Recently stripped of its property-tax exemption, St. Luke's Regional Medical Center in Boise, Idaho, got some good news last week from the state Board of Tax Appeals.
The board overturned a 1996 decision by the Ada County Commission that denied the hospital property-tax exemptions on two parking lots, a satellite medical center and a building that houses parts of the laboratory, X-ray and internal medicine departments.
The board's Aug. 11 decision comes at a time when the hospital is asking the state to undo another decision by county officials.
Last month, the county commission, sitting as the Board of Equalization, ruled that all St. Luke's property should be placed on the county's tax rolls because it no longer qualifies as a charitable corporation under state law (Aug. 11, p. 38).
The recent positive ruling by the state gave the hospital renewed hope for its latest appeal.
"We hope it'll be indicative of how they'll rule," said Bill Bodnar, vice president of corporate development for 267-bed St. Luke's.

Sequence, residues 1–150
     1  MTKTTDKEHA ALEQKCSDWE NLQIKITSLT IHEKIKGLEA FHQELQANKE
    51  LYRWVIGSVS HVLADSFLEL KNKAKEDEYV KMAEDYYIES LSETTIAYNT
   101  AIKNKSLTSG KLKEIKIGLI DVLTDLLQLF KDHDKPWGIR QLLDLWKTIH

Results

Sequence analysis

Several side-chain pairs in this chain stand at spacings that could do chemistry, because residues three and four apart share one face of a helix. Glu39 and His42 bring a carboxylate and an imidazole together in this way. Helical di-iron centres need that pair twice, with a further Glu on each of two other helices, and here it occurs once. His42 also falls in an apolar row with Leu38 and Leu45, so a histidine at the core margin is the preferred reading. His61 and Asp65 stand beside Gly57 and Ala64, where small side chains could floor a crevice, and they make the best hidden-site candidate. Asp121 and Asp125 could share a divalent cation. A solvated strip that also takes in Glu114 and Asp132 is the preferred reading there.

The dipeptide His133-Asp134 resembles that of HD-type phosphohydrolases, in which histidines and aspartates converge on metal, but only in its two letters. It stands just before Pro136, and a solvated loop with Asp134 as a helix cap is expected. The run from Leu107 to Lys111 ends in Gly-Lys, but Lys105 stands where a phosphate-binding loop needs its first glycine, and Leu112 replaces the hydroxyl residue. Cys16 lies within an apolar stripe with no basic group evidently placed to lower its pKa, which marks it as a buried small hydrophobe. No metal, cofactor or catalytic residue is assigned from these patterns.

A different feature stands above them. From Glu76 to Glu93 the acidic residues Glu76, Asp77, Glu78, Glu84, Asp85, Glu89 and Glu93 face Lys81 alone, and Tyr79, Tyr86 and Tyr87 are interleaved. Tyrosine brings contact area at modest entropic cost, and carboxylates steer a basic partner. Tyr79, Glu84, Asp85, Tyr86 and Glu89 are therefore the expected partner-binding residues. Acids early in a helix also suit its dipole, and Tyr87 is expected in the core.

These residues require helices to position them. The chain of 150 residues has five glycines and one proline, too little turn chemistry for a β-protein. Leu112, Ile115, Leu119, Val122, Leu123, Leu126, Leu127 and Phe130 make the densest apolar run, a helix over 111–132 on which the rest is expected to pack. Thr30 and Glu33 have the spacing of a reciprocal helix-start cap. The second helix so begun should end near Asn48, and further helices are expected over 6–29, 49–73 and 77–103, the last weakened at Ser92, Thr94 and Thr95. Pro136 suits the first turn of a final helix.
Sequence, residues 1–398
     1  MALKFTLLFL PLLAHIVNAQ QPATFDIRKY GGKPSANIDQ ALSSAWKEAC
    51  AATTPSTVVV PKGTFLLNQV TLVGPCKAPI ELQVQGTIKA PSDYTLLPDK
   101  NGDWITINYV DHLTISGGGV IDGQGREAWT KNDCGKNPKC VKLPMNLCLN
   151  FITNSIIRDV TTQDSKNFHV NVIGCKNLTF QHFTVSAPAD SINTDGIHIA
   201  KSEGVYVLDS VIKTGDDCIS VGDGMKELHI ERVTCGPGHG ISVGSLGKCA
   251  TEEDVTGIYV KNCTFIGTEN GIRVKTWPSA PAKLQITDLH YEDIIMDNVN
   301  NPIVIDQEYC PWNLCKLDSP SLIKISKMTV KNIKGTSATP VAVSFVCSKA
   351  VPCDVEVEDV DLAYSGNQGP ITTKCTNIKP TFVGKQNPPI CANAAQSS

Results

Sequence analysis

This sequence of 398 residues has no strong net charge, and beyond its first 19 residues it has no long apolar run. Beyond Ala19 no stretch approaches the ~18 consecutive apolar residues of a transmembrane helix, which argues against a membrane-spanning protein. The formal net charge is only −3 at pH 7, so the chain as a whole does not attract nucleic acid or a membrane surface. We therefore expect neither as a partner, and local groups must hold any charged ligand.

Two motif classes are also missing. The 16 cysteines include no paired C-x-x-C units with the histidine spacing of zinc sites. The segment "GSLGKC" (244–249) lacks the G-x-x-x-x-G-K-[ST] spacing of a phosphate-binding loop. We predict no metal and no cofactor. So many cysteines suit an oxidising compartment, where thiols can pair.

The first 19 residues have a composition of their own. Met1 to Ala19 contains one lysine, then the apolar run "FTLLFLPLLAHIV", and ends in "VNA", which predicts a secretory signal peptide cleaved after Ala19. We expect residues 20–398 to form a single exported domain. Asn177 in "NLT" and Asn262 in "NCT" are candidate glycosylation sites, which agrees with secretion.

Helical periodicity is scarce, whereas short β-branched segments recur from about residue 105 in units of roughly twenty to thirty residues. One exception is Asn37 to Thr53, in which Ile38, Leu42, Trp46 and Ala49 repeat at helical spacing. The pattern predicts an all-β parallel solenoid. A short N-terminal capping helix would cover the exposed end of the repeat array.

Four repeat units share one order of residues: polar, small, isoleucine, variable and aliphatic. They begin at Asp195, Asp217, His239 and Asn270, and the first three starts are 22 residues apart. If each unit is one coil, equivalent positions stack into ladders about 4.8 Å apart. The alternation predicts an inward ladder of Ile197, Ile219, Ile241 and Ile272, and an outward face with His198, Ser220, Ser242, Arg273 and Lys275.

It's a case the Idaho Hospital Association is watching closely because only three of the state's 42 acute-care hospitals are for-profit.
"They deserve the exemption," said Steven Millard, the association's president.
If St. Luke's doesn't win its latest appeal, the hospital could end up with annual tax bills of $2 million to $4 million.
In its ruling on the 1996 case, the state board said the county was "very courageous" in raising questions about tax-exempt status but seemed "a bit too extreme in its determination, stretching case law" and ignoring legislative intent.
"This is `big business,' but this board would cringe if government had to pick up the whole cost of healthcare services provided by this hospital and its satellite facilities," the ruling said.
Therefore, the state board concluded:
Almost 52% of the parking lots can be tax-free because that's the proportion of a nearby medical office building St. Luke's uses that qualifies for an exemption.
Some 75% of a satellite medical center in Meridian, its parking lots and space donated for emergency medical technicians can be exempt. However, 23 acres of bare land being held for future expansion must be assessed and taxed at market value.
A center that houses some of the hospital's departments can be exempt.